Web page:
14. Head torch / flashlamp
This is always useful to have in your bag, and an absolute necessity if you’re camping overnight on the trail. Not just for seeing clearly inside your tent, but also for any early-morning hikes you are planning. For example, to see that famous sunrise view at Mount Fitz Roy, you need to scramble up a hill in the dark. Not fun without a head torch!View head torches on Amazon
15. Mini first aid kit
You never know what’s going to happen on a hike. If you get injured or fall ill in the remoteness of Patagonia’s national parks, it can take a long time for help to arrive. That’s why keeping a mini first aid kit stashed away in your bag is an absolute must.
16. Packing cubes
Our number one travel hack for any trip is to invest in some packing cubes. Whether you’re trekking or just backpacking in general, these are a ridiculously useful (and cheap) accessory to have. They make it so much easier to pack effectively and optimise space, and on a hiking trip that’s invaluable.View packing cubes on Amazon
17. Dry bag for valuables
The threat of rain in Patagonia means you need to be extra careful with your electronic valuables. If you get stuck in a downpour it can be tricky to keep phones and cameras protected, even if your backpack has a waterproof cover. Bringing a dry bag will give you some extra protection, and it can also double up as a flexible small day bag.View dry bags on Amazon
18. Camera (and spare SD cards)
Few places in the world are as visually stunning as Patagonia. If you’re making the effort to travel to the southernmost tip of civilisation, then why not invest in a good camera to record the memories?
We use a Nikon D5600 with a Nikkor 70-300mm zoom lens. Nikons always give you high-quality images, and this model works really well for both beginners and more advanced photographers. Remember to bring a couple of back-up SD cards to make sure you don’t run out of space for photos on a long multi-day trek.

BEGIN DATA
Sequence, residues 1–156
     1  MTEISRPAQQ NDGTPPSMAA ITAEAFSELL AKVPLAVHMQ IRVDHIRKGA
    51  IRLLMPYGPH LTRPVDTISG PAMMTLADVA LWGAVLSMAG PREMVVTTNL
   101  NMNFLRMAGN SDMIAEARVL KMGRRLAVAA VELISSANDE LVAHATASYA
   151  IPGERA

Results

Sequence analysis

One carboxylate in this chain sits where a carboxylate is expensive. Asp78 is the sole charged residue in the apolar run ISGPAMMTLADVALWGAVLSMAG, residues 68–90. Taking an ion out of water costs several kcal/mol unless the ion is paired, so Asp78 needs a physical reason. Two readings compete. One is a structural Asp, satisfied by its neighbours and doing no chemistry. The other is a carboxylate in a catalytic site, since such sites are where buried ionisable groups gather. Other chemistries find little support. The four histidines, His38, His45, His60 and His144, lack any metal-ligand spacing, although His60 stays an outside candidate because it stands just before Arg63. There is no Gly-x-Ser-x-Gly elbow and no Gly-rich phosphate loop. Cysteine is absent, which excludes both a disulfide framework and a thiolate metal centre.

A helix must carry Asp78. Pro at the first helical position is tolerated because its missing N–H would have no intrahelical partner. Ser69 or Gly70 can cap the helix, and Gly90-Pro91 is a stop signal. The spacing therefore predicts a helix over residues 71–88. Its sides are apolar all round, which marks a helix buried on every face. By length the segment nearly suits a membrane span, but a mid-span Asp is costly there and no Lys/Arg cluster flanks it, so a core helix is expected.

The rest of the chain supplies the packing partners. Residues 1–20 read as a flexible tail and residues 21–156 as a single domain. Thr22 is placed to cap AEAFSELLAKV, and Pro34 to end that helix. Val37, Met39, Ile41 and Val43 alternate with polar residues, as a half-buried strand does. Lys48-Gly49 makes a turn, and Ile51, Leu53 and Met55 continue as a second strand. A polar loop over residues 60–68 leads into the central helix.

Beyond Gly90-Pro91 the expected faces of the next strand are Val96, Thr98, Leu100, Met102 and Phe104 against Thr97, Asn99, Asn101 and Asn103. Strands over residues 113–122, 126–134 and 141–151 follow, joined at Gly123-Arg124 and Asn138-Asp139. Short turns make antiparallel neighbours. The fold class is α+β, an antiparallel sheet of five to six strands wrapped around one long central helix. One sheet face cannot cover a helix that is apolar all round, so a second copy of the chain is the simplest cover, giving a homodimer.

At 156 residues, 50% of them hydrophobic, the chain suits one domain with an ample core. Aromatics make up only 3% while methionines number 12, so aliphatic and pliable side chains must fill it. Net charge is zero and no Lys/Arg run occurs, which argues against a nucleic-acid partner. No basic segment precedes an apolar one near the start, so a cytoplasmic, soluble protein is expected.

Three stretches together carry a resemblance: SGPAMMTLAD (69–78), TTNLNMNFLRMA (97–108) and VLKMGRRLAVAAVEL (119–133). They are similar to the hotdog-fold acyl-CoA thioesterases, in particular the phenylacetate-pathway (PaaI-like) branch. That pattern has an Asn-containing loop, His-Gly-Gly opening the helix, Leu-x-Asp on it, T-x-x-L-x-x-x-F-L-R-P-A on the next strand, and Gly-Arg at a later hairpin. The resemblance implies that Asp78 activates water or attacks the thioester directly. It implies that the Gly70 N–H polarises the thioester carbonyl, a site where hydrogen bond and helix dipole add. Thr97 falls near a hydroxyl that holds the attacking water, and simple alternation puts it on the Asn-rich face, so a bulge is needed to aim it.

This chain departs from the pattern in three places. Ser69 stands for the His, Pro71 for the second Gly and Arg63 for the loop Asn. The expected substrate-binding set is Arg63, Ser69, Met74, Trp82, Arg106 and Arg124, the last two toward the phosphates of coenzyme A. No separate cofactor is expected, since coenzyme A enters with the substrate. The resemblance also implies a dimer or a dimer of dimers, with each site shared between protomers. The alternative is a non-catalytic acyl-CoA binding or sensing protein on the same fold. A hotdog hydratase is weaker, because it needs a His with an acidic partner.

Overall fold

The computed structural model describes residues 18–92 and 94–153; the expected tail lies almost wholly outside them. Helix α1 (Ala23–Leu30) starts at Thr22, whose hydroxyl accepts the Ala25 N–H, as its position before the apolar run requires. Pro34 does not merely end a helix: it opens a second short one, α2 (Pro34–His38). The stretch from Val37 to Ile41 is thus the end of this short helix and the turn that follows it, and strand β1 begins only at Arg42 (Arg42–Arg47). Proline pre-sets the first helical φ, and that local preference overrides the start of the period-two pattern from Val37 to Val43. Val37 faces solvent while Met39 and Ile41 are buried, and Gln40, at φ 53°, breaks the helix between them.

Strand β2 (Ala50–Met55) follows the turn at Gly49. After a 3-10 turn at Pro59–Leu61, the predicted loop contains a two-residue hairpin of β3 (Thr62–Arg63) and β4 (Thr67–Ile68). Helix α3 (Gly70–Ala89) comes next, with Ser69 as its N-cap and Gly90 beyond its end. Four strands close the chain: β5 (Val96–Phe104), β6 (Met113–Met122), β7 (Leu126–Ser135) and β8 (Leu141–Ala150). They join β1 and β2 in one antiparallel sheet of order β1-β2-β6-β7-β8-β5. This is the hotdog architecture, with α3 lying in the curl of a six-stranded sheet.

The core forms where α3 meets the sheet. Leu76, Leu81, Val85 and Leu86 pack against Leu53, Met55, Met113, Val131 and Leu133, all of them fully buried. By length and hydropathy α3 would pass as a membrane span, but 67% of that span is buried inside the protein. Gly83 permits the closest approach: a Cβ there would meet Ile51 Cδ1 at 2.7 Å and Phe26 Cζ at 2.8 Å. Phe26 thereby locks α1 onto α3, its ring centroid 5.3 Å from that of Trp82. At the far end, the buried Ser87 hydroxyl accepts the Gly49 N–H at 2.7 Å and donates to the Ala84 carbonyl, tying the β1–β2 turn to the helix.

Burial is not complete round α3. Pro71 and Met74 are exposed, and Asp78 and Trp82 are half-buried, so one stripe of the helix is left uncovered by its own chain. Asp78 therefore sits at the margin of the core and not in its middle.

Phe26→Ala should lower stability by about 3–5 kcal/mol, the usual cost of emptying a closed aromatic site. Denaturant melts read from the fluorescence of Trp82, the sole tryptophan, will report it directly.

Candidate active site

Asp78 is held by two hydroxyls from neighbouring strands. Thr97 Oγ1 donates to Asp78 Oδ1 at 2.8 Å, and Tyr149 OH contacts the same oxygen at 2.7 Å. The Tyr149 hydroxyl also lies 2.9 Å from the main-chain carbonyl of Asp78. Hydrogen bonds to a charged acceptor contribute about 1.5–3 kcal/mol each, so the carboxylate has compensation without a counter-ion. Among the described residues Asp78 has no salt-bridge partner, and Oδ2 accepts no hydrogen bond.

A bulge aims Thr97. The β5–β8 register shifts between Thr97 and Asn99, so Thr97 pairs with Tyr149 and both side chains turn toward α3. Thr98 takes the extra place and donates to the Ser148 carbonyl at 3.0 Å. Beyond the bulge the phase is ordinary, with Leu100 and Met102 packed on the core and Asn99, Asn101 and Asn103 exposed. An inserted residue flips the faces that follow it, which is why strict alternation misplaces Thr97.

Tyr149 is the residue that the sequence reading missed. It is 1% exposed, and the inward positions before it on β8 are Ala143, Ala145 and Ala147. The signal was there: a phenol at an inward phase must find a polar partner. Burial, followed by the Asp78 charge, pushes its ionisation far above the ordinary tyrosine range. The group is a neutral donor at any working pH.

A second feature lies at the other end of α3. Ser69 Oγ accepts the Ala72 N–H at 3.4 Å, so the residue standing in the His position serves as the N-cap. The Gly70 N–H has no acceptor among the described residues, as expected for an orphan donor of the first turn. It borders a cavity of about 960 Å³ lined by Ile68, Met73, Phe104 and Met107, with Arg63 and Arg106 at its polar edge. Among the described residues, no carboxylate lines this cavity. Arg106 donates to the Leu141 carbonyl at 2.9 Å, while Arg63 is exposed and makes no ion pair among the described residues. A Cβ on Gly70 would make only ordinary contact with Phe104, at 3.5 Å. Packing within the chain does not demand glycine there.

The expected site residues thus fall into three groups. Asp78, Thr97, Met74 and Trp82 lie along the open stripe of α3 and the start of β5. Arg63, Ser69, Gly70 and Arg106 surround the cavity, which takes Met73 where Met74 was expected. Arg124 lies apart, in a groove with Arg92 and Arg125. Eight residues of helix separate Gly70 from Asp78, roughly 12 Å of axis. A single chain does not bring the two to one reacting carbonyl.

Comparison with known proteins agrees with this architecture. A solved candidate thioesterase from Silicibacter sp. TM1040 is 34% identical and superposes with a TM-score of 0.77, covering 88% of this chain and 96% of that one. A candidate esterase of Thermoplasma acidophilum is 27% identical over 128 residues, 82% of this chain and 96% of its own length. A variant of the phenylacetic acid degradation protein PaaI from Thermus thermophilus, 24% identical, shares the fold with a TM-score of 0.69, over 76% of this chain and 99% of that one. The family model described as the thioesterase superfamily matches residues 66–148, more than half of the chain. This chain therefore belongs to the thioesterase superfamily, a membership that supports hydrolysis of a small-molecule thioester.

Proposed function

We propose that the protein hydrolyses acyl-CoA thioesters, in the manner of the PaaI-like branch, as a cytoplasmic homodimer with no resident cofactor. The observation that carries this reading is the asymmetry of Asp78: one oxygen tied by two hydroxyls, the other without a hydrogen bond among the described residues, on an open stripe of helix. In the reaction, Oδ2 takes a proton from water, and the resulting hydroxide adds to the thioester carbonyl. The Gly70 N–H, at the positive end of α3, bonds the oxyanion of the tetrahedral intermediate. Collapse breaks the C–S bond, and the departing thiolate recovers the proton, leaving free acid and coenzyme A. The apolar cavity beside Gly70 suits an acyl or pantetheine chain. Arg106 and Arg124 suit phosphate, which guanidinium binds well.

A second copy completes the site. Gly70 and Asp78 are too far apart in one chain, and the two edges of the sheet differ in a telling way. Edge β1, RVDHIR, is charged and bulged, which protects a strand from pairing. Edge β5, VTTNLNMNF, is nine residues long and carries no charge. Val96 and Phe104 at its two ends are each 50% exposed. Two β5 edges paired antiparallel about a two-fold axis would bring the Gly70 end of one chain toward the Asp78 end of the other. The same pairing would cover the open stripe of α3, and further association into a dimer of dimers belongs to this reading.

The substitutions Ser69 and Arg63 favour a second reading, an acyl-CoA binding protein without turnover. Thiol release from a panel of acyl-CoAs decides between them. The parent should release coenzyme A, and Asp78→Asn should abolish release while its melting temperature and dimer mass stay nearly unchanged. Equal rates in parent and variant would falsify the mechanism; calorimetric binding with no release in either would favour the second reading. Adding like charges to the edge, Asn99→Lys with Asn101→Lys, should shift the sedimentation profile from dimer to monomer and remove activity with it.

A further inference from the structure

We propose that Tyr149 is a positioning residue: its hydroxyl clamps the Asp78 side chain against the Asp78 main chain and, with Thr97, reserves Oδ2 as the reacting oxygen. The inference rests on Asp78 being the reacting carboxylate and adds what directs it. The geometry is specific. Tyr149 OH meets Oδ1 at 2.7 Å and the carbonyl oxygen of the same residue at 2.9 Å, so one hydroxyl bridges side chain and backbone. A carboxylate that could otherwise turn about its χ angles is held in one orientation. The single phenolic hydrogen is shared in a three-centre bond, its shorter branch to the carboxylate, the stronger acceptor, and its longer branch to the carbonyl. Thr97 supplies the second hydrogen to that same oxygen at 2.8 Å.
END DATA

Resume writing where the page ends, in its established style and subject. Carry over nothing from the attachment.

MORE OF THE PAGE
If you’re planning to do some stargazing in Patagonia and you want to take some night sky pictures, you’ll also need a tripod. We have the Manfrotto tripod, which is versatile, compact and light. We wouldn’t recommend bringing it on a trek unless you’re sure you will be comfortable carrying the extra weight.
Patagonia packing list: camping
If you’re thirsty for adventure, you should consider camping in Patagonia. It’s worth it for the amazing night skies alone. It’s also a great way to keep costs down – hostels and hotels are more expensive in the region than anywhere else in South America.
Of course, the first and foremost item of camping equipment you need is a tent. This is something you really can’t scrimp on in Patagonia (unless you like being blown or washed away in the middle of the night).
The Big Agnes Copper Spur is an outstanding tent that is ultra lightweight and can cope with the most extreme of weather conditions. It’s also pretty compact, so you can easily pitch it on the small wooden platforms you will encounter on trails like the W Trek.
Whatever brand you choose, the number one requirement for a tent in Patagonia is that it can stand up to fierce wind. Good waterproofing is also essential.View hiking tents on Amazon
20. Sleeping bag and liner